James van Riemsdyk's eagerness to get the season started is understandable.
The Toronto Maple Leafs left wing hasn't played since Jan. 9. Two days after that 7-0 loss to the San Jose Sharks at SAP Center, the Maple Leafs announced van Riemsdyk had a non-displaced fracture in his left foot.
At the time, van Riemsdyk's 14 goals and 29 points in 40 games led Toronto. He could only watch while the injury-riddled Maple Leafs went 13-25-4 during their final 42 games to finish 30th in the NHL standings with a 29-42-11 record and 69 points.
But van Riemsdyk now is healthy and extremely optimistic about the team he is returning to following a whirlwind of changes.
"Definitely lots of excitement, lots of, at this point, potential, because we have a lot of things to prove," he said. "I like the moves that management has made in the summer, and hopefully those young guys that got a taste at the end of last year are ready to go, and there's no reason to think they won't be. There's lots of great kids, lots of great players in our organization, so I'm really excited to get back and get after it."
Video: TOR@ARI: Riemsdyk puts it past Domingue on PPG
Although some familiar faces, including captain Dion Phaneuf, Shawn Matthias, Nick Spaling and James Reimer, were traded in the process, the Maple Leafs retooled their roster to get younger. Those moves and a barrage of injuries gave prospects such as William Nylander, Nikita Soshnikov, Zach Hyman, Connor Brown, Josh Leivo, Kasperi Kapanen, Frederik Gauthier, Connor Carrick, Viktor Loov and Rinat Valiev an opportunity to show what they can do at the end of last season.
Watching those young players learn and seeing the Maple Leafs grow throughout the season under coach Mike Babcock has van Riemsdyk believing they have turned the corner after failing to qualify for the Stanley Cup Playoffs in 10 of the past 11 seasons.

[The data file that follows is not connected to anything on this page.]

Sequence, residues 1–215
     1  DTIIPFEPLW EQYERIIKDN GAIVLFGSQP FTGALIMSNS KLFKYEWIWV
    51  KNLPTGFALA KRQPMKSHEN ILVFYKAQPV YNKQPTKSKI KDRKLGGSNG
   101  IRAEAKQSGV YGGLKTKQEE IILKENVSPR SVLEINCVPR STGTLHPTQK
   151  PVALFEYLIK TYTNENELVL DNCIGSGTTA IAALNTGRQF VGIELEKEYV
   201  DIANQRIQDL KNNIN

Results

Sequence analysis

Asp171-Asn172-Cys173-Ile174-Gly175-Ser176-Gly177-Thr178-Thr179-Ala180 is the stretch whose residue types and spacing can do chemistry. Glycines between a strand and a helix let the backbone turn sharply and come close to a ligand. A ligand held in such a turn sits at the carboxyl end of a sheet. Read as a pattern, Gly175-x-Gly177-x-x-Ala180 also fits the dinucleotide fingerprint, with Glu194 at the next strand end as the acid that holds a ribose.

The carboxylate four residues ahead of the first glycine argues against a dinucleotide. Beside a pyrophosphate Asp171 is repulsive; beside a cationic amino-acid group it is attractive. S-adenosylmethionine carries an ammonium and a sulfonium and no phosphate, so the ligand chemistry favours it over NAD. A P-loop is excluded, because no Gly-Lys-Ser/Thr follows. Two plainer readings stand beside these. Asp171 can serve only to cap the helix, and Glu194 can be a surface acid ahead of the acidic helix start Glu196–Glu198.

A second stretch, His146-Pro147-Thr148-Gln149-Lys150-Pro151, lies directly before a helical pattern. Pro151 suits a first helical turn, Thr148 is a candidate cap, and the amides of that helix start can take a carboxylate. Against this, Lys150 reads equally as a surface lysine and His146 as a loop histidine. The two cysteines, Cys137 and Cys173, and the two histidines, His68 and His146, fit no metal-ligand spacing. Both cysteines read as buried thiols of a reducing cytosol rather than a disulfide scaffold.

"I think last year the way we played, as opposed to the couple years before that, we were right there every game," he said. "We were a couple plays away, it seemed, from winning games. It's such a fine line and every team is so close. We'll be ready to go from the start and we know we have a lot of work ahead of us, but there's also a lot of potential, so it's really exciting."
Perhaps the biggest reason for that excitement is the addition of center Auston Matthews. Like their fans, Maple Leafs players were thrilled when they won the 2016 NHL Draft Lottery and the right to select Matthews with the No. 1 pick.
Video: Auston Matthews signs three-year deal with Toronto
"It's kind of that double-edged sword," van Riemsdyk said. "You don't want to be drafting first too often, but when you do you, hopefully you get an impact player and he's shown the potential that he's going to be able to do something like that, so we're excited to have him come in. It's not one of those things where he needs to come in thinking he has to be the savior. It's a team game. He knows that. We're going to be there to support him and help him, and I'm really excited to play alongside him."
After being selected with the second pick by the Philadelphia Flyers in 2007, van Riemsdyk knows what it's like to be a high draft choice and the expectations that can come with it. With seven NHL seasons under his belt, including four in Toronto, van Riemsdyk, 27, hopes he can use his experiences to aid Matthews' adjustment to the League.
"I'm sure he's had a lot of great people around him giving him great advice," he said. "In the team setting, my job is to be a good role model and try to help him along when different things may come up for him. I'm going to try to be as professional as I always am, come to the rink and just show the commitment you have, and then his raw ability and tools will come out from there."
Before playing with Matthews, van Riemsdyk might have to face him at the World Cup of Hockey 2016, which begins Sept. 17 at Air Canada Centre in Toronto. Van Riemsdyk will play for Team USA, and Matthews is on Team North America, which consists of players from Canada and the United States who are 23 or younger.
Video: SJS@TOR: van Riemsdyk scores late in the 2nd period
Those teams are in different groups, so van Riemsdyk and Matthews would play if both teams reach the semifinals or final. Van Riemsdyk expects playing the tournament in his NHL home arena to be fun but knows the fans there won't be rooting for his team.
"It will be interesting to see because I remember hearing [former Maple Leafs defenseman from Sweden] Borje Salming talk about the Canada Cup they had in Toronto and he was expecting to get booed by the Canadian fans when they played Canada, but he said he got a pretty nice ovation," van Riemsdyk said. "Obviously in all of this, I'm the enemy. I'm not on Team Canada, but the Leafs fans have been so great to me in my time there, so it's going to make it that much more special playing in Toronto in this event."